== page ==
Visit to JU Science Club

I resigned from Cadence and left Bangalore on August 6th. I was scheduled to fly to Brussels around September, and I decided to take some time off and spend time lazing around (something which I never got to do in the last three years). I also had to apply for visa etc.

Anyway, I was pinged on Facebook by a junior, Diyanko from my alum asking me to come down to Science Club (something which I was a part of during my college days, and also played a major role in getting it started). Now, I really did not want to come down there, and just chat and go.

I decided to give them a presentation on analog circuit design, and talk to them about some of the fundamentals that an analog design engineer requires every day. Given that students from first year to fourth year would be coming, and that students from non-electrical background will also be present, it was a challenge coming up with a presentation that could cover so many aspects.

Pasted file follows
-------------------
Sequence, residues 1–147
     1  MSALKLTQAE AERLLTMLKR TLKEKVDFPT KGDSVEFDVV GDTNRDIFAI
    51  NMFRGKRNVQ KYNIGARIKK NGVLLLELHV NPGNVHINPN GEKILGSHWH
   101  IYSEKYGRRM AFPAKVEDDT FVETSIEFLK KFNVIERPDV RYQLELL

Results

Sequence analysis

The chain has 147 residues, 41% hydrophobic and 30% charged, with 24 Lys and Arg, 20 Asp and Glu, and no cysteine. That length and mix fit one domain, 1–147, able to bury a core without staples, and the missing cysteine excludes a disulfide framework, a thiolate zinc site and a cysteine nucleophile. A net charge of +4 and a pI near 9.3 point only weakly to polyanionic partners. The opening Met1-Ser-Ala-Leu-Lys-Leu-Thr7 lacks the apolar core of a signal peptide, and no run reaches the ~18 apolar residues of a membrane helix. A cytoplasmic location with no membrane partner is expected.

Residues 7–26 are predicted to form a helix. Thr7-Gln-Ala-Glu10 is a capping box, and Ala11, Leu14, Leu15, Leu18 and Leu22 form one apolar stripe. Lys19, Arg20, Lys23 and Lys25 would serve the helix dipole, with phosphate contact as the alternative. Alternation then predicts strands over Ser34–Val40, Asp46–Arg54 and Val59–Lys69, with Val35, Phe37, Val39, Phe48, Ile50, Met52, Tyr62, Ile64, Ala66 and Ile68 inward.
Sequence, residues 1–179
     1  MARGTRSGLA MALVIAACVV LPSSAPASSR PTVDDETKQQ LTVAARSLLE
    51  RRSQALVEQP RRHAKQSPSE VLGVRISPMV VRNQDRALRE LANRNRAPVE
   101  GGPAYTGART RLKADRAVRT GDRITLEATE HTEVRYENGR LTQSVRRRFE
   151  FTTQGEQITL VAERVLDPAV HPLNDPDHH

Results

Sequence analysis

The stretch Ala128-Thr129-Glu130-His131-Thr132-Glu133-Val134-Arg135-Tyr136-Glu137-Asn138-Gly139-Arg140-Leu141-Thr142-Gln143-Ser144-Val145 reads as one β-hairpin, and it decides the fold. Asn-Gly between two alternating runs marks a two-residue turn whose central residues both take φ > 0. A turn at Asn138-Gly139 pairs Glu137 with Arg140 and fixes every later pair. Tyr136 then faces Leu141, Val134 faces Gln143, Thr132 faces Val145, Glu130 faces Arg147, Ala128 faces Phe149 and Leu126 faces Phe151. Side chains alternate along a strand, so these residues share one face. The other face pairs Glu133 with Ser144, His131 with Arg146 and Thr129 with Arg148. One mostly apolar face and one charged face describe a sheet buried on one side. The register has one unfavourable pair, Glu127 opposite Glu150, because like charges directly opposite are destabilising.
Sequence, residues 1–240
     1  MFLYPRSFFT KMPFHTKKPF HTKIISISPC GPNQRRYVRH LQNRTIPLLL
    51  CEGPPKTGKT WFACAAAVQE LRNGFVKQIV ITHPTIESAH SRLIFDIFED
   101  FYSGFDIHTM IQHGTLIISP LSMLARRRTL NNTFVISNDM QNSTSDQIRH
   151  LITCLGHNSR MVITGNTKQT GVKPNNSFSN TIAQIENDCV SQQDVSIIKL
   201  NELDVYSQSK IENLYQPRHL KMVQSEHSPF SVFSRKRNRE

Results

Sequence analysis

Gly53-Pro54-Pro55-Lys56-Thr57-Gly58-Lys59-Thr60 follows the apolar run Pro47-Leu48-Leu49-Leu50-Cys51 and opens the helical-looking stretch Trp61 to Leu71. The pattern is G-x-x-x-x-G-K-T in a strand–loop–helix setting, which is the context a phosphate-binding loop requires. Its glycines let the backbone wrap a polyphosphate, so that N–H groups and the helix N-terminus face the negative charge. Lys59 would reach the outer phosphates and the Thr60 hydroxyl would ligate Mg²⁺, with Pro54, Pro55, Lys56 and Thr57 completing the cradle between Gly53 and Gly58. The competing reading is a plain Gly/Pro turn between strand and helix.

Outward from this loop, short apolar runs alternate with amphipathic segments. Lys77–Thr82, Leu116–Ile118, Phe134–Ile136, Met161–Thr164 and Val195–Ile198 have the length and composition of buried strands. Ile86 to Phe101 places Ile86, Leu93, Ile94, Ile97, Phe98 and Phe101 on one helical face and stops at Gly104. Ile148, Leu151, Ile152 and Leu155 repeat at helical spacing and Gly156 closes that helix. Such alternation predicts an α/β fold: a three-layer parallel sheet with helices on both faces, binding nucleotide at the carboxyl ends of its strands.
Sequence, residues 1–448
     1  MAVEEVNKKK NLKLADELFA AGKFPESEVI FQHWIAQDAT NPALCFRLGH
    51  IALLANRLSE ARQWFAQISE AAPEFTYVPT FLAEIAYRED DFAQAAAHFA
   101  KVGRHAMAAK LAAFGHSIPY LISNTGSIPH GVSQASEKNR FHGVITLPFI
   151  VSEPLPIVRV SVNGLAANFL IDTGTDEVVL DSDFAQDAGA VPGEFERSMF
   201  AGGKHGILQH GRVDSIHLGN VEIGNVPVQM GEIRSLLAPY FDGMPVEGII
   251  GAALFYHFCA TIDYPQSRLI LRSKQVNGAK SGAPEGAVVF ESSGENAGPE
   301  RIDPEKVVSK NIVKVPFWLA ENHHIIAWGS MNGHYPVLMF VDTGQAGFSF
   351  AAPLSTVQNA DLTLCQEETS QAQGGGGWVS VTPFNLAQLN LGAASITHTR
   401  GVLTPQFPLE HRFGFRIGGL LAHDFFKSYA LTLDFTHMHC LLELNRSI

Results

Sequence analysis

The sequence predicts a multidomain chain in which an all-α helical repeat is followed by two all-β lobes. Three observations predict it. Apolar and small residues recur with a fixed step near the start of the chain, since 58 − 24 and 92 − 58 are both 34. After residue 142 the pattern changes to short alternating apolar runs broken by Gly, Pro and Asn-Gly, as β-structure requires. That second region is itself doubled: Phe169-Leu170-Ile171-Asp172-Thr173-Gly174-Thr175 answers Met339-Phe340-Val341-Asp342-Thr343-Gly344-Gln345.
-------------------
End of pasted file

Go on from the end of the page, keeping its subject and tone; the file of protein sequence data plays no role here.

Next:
It really took me some time to make the presentation, far more than I had imagined. I just could not talk about circuits, as that would have made it extremely boring for the younger folks in the audience as well as people from a non-electrical background. I had to pepper my presentation with examples from real life.

But cutting back to the chase, the presentation went really well. The best part that I like about students in Jadavpur University is that students are extremely talented, and they have this drive within themselves that want to do something. I met one final year student of ETCE, Supratik, who was interested in quantum computing and was looking for opportunities in Europe to do a MS on the same. This is refreshingly different. But what really pained me was that the analog courses in Jadavpur University had absolutely no emphasis on simulating the circuits and seeing it for themselves. A simulator gives you an excellent idea about whether your concepts are correct or not. And using one, can really help understand the concepts. You get an insight to the second and third order effects that one hasn’t considered.

Although I could not cover all the material I had put in my presentation due to a shortage of time, I think I did a cover a fair amount of material.

Here is a link to the presentation: